Next will be a week of fairly easy training and recovering, before a 3-week block of training for Kona. I haven’t quite decided how I will spend this three week block: train straight through for 3 weeks (tough, usually I only do 2-week blocks), or train for a week, have an easier week, then a final tough week. I will have to put a lot of emphasis on heat training, which is uncharted territory for me as I’ve never had to do this before. Heat training will include sitting in a sauna for a long time, turbo training in the flat with the heat on full blast, and wearing a lot of clothes when out running. I’ll need to be careful not to get dehydrated. But it’s all for Kona. I’ll do what I have to do. Or what I think I have to do. Bring it on!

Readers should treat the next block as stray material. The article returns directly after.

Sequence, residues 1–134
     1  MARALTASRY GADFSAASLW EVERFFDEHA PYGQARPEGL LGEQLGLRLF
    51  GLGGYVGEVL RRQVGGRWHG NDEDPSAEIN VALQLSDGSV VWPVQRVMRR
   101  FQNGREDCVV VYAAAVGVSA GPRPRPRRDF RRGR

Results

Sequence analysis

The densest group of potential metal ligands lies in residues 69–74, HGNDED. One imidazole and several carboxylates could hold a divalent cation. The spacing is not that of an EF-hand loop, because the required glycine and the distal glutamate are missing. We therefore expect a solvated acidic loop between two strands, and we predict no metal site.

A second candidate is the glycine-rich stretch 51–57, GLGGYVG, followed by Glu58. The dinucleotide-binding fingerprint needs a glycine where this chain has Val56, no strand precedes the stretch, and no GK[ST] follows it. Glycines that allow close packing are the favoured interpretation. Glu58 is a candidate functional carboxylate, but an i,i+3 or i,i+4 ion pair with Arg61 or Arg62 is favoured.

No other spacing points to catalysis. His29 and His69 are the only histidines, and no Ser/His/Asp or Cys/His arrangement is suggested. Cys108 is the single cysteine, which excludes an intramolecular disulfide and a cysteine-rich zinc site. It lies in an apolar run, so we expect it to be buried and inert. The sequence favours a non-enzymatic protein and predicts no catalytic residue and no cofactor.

Training done was as follows: